Eco CornerBy Jacob Reiner
Many health and cosmetic companies claim to be environmentally friendly, but Weleda is one company whose green roots run deep. Founded by Rudolph Steiner (Waldorf School founder and Biodynamic farming originator) in 1921, Weleda uses organic herbs from fair-trade partners and all-natural fruit and flower extracts, clays and roots.
In addition to skin and baby care products, they produce thousands of natural medicines, creams and homeopathic remedies for allergies, stomach ailments, rashes and burns, and even a mistletoe-derived cancer treatment. Weleda has five Natural Care Studios shops in Japan (ISO 14001 certified). Check out their Web site for details.
Green-wash (green’wash’, -wôsh’): verb: the act of misleading consumers regarding the environmental practices of a company or the environmental benefits of a product or service.
According to a recent report by Terra Choice Environmental Marketing, only 2% of “green” products on the market are legit in their claims to be environmentally friendly. That means 98% of eco goods are “Greenwashed” with eco phrases and brown paper packaging to make them appear more ecologically safe than they are.
There are plenty of good companies out there who need our support, so examine the eco packaging and read the fine print. Look for certified organic, sustainable harvest and fair-trade marks. Also, read the ingredients—If you can’t pronounce it, think twice.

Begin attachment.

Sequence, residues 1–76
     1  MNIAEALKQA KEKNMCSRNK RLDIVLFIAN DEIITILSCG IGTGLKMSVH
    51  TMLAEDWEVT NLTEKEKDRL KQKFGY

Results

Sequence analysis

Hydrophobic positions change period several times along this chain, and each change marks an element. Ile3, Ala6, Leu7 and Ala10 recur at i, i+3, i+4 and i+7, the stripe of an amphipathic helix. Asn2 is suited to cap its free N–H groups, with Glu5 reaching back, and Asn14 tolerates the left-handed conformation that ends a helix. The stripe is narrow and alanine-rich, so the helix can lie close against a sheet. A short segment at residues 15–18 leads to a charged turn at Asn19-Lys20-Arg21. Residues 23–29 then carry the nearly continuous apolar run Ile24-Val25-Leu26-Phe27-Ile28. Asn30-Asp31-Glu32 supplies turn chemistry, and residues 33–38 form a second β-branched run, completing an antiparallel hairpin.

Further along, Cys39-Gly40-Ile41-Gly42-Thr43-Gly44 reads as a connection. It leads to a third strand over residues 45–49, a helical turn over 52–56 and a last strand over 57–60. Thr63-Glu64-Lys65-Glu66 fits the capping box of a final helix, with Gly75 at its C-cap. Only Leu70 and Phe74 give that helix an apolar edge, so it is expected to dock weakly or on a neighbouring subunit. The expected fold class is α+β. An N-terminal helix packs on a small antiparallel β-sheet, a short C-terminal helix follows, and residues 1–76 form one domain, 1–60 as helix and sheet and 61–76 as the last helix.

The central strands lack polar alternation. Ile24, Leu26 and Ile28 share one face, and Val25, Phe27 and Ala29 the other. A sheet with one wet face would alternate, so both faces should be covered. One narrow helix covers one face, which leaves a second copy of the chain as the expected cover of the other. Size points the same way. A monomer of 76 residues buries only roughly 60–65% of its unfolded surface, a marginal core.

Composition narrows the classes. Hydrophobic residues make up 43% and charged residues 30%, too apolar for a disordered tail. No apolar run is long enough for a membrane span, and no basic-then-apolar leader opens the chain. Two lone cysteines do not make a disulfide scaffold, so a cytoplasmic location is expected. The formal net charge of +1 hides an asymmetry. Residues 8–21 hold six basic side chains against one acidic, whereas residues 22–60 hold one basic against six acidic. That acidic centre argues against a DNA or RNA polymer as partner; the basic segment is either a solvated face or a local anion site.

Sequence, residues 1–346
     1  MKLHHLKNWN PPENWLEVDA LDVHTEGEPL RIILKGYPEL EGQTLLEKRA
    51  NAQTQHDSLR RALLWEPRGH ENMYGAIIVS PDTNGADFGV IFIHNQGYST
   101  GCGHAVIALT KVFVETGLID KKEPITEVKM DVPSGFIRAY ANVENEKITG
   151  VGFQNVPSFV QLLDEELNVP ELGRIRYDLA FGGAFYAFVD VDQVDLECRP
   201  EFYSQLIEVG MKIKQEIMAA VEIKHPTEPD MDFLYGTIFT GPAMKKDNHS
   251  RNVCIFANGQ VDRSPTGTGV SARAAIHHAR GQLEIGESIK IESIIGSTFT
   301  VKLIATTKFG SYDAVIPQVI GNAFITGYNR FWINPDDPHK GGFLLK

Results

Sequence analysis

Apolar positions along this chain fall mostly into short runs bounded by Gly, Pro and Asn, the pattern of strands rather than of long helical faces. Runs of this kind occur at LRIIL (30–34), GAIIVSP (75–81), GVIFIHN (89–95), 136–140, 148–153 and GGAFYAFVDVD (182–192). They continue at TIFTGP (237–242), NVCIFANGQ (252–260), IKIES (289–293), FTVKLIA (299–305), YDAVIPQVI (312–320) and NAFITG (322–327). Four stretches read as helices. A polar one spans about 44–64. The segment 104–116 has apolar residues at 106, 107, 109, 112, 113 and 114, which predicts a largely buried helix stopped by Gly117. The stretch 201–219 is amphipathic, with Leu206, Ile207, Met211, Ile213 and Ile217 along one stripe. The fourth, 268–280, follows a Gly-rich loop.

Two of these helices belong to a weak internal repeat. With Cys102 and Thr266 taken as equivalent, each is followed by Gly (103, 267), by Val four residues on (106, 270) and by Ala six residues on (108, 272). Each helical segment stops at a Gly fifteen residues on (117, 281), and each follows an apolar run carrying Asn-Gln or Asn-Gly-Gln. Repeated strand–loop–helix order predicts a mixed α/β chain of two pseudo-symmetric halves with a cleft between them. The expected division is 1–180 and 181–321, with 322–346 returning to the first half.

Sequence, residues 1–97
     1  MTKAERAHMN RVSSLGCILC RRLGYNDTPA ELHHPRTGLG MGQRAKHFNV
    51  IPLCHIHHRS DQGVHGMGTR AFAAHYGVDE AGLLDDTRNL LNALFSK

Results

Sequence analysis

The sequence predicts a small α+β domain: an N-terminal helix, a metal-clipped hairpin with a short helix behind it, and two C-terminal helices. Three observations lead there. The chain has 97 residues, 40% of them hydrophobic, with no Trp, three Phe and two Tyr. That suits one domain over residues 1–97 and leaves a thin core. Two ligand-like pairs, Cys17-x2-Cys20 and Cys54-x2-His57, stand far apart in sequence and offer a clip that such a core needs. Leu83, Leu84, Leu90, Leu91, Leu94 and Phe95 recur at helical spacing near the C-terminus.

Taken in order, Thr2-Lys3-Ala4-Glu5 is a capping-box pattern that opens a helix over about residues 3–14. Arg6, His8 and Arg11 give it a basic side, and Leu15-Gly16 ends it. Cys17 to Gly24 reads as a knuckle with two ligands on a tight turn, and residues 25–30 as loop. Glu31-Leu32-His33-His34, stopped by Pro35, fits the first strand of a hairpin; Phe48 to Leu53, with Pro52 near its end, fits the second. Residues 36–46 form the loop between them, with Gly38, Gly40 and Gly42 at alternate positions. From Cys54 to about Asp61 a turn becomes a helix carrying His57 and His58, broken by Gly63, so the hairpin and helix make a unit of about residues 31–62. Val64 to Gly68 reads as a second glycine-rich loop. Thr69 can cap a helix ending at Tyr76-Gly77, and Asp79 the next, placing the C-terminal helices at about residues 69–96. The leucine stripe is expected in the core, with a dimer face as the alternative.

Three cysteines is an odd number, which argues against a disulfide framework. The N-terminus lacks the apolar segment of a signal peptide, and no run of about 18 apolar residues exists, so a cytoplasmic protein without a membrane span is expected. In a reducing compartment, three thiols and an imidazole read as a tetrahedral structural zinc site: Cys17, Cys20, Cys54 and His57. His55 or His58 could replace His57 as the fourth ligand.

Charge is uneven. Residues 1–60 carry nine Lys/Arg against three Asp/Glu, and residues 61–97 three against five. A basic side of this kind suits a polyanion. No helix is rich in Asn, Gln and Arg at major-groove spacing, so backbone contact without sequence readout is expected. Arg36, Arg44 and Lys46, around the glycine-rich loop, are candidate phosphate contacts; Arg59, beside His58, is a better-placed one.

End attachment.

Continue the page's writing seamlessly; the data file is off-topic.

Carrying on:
Stop complaining there are no organics in Japan and start having them delivered straight to your front door. Pal System provides free delivery of seasonal veggies, fish, kitchen goods, cleaning fluids and more. They have a decent selection of organic and yuki-sabai (low chemical) produce. Unfortunately, the Web site is only in Japanese so, if you don’t have a partner to help you, it is the perfect excuse for an online shopping date with someone who can translate.
Back in 2005 when we started the Eco Corner, it was difficult to track down investment opportunities in sustainable business and renewable energies. Now there are so many it is hard to know which to choose, and the numbers look good. According to Business Week, in 2009 certain green mutual funds outperformed the Standard & Poor’s 500-stock index by three to one.
With press like that, investors will flock, but investments may become over-valued and create a green bubble. If you are thinking of putting your savings somewhere “sustainable,” now is still a good time to get in as the bubble rises, but plan to pull out in a year or so if things start getting too close to boiling. Check out the Green Chopsticks link, start researching and get in the green.
Green Your Classroom
This great Web site offers eco-oriented ESL lessons for kids and adults. A variety of lesson plans and resources are downloadable free, such as Earth Day flash cards, Ecological Food Choice worksheets, 3R recycling activities, red and “green” Christmas crafts, songs and more. Check it out. Your students will thank you. The birds and bees will too.